NYSC: My Youth service adventure in Kaiama, Bayelsa State

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Nysc is a program every Nigerian undergraduate and graduate who is yet to be a part of, look forward to, but seen as insignificant and a waste of time after being a part of it, by some of us. My Nysc experience back in 2007/2008 is something that I can not deny it’s significance in my life.

If you are someone who happen to be used to trying something new, i assure you, nysc will offer you lots of such opportunities. It’s a fun thing to make good use of these opportunities at your beck and core. Although I can’t really boast of making use of every available opportunity during my youth service but I did convert some to useful experiences.

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Bayelsa State, if you remember, was never considered one of the safest state to travel or live, as at 2007 and 2008 when I served. The Ijaw militants, the oil company officials kidnappings, the vandalism and general violence was enough news to keep immigrants away from the state. The press made sure of that. But the untold story then, was the fact that most times the colour of the bottle don’t determine the taste of the content. Even at that time, in the mist of the crisis, corps members did find peace, friendliness and good stories to tell among the people of Bayelsa.

Getting the unexpected

After the Orientation Camp, I was posted to served in Kaiama, Kolokuma/Opokuma LGA, the same community where The orientation camp is located. That is one thing any or let me say 95% of corps members will pray against. Everyone wanted to move out, see new places in Bayelsa, go to town (Kaiama, though considered a town ironically by the people,
is typically underdeveloped). I remember asking someone in Kaiama during camp how I could get to town and his reply was “na town you dey so eeh”, meaning you are very much in town right now. I never thought that after serving in camp as a platoon leader, I would be reduced to a primary assignment in the same-old Kaiama. I guess there is a lesson
to learn from that outcome. I mean, while all other corpers were having the best of fun in camp, I, among the ten platoon leaders, was working my butts out for Platoon 10 corps member and the nysc officials. But that was one of the best choice I made during my service year. There really was no direct reward attached to it, but no reward could surpass the leadership and people service experience. Well,that’s just another story on it’s own.

I got to know about my place of primary assignment two days before the passing out of orientation camp. At first it sounded like a blow up of everything to me. I mean, everyone around me were already counting me among the lucky ones (as a platoon leader) to get a favorable place of primary assignment and having to remain in Kaiama wouldn’t come as lucky to anyone. But surprisingly, I recieved the posting letter in good fate.

An employer who didn’t keep to his words.

I had to carry out my primary assignment at the Kolokuma/Opokuma Local Government Council, in Kaiama where I was posted. I was ready to take whatever came from it, although it took most of my colleagues (about 18 of us)a hard time to get used to it. The Caretaker Committee Chairman then happened to be our employer and, like most other Ajuwaya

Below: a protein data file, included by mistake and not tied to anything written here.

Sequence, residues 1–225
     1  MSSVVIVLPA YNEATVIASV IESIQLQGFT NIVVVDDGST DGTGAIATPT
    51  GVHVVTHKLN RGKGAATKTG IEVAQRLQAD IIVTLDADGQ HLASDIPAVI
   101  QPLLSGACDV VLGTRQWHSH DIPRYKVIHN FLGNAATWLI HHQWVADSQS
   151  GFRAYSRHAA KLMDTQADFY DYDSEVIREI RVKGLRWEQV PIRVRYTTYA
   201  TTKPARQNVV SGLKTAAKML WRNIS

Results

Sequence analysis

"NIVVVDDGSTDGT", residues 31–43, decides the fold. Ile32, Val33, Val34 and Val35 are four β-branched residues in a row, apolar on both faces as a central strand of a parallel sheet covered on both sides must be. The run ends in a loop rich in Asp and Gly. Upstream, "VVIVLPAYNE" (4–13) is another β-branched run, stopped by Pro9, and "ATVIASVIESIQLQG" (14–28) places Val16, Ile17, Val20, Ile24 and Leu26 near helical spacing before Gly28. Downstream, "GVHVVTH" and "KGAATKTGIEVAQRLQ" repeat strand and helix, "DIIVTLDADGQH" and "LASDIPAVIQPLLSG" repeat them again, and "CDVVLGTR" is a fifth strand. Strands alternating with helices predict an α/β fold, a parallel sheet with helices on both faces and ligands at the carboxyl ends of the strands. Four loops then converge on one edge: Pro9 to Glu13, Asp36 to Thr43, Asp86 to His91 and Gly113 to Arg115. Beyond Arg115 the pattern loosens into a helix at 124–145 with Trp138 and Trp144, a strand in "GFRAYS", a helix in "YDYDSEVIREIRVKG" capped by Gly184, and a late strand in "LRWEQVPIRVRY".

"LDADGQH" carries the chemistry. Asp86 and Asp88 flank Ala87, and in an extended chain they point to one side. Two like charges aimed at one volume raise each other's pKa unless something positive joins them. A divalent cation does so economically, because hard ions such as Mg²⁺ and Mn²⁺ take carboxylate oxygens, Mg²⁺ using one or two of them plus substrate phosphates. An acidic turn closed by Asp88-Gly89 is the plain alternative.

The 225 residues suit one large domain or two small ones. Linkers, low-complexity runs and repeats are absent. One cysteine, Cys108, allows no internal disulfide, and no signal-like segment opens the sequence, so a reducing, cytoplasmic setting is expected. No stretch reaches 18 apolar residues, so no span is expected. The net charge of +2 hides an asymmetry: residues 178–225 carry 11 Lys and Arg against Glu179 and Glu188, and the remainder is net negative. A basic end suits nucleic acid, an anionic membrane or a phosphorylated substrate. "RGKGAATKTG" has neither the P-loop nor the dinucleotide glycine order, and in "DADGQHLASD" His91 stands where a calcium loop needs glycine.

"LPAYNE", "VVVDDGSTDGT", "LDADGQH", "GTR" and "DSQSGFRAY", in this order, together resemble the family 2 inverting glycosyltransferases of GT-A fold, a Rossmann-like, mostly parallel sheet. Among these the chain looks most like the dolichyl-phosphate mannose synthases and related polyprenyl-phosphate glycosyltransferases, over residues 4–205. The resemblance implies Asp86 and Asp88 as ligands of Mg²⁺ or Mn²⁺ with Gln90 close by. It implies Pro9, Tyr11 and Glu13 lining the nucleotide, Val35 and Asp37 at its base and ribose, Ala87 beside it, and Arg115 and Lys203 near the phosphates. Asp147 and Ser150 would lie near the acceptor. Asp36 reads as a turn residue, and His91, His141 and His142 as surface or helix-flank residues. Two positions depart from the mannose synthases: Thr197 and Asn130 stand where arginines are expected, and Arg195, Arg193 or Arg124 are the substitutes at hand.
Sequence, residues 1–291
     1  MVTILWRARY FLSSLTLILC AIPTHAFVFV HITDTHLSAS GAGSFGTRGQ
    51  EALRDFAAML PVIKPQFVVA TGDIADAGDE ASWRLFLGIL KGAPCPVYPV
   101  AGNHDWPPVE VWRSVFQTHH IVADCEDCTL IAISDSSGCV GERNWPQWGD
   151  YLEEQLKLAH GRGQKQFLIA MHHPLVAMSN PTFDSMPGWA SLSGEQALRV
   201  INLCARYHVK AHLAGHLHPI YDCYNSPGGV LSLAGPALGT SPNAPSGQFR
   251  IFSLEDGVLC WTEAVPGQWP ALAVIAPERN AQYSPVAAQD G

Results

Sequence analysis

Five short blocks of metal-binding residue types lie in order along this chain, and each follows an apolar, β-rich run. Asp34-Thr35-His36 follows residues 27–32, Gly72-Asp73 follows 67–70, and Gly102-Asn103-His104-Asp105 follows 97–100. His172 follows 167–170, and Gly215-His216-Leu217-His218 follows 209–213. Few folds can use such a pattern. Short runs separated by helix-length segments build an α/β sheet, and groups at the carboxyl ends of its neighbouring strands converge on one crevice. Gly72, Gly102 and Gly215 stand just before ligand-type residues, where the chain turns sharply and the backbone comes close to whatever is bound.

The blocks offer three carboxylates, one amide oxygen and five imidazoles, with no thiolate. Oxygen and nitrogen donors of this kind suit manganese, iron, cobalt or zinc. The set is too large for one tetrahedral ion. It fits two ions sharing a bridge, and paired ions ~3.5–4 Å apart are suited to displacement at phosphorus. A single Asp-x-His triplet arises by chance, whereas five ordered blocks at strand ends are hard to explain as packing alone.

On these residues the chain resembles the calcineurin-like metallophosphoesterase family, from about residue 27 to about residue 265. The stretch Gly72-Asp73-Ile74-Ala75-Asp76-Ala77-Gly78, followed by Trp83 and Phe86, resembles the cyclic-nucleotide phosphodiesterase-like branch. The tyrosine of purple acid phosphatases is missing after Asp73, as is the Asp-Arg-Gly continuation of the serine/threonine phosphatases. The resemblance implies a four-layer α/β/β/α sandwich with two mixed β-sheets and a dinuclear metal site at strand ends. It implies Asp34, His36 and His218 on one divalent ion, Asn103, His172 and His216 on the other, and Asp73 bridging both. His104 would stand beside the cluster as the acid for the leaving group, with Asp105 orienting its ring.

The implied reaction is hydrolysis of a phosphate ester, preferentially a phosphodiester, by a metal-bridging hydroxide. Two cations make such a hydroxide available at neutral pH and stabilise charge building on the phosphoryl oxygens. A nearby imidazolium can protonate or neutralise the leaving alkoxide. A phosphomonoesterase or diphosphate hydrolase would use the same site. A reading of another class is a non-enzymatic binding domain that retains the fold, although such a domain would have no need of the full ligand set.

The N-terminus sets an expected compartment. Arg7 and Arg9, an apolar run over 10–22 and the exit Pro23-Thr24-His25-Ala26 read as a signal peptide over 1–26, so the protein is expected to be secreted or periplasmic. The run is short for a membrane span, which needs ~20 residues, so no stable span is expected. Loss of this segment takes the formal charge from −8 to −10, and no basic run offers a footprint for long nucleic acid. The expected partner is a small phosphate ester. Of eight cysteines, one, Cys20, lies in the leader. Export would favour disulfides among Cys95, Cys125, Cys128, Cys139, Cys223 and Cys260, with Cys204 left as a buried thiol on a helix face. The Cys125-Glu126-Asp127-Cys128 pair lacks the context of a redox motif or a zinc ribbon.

employer, showered us with lots of empty promises.
It happened that the secretariate had never employed that much corpers in the past, and the corpers lodge in Kaiama was build in the middle of a swamp forest, around which, for the first time in my life, i saw a snake as fat as my thigh and long as my leg (although it was very much dead at the time, it voluntarily chose it’s dying spot). The Chairman promised to renovate a new lodge for his serving corpers but during the three-week orientation camp, I never thought I was going to spend the rest of my service year in the same old camp double bunk, bath in the same bathroom and walk the same camp ground. Yes, we were asked to squat in the orientation camp for two weeks before the renovation is completed. But two weeks extended to the whole service year. The orientation camp became our corpers lodge through out the service year. We learned to live with the things we cannot change and worked on the things we can change.

As the service journey continued

In all things we did our best to serve the kaiama community. We helped build the Kolokuma/Opokuma Local Govt. Secretariat, from scratch. Through our community development service -CDS, we showed example of community cleanliness and service to humanity. And we all had a lot to learn about all of that.
Of all things, I just can’t forget the good times we had in the jungle. The fellowships (courtesy NCCF), the parties and grooves which we created ourselves. It was really a good time in the jungle.

In whatever circumstances we find ourselves in the journey of life, our Attitude is what makes all the difference. We  either choose to keep cursing, criticizing and worrying about the situation of things or find the opportunity it presents, make use of it and move on with your life.
Even when I try, I just can’t forget the National Service day’s, the people, fellow corps members and all the good times and rough times. Each of these factors did play a good role in my life.

How about you? Do you have stories to tell about your national youth service year?

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  • After School Africa is the go-to source for young and ambitious people looking to explore opportunities for education, development and relevance.

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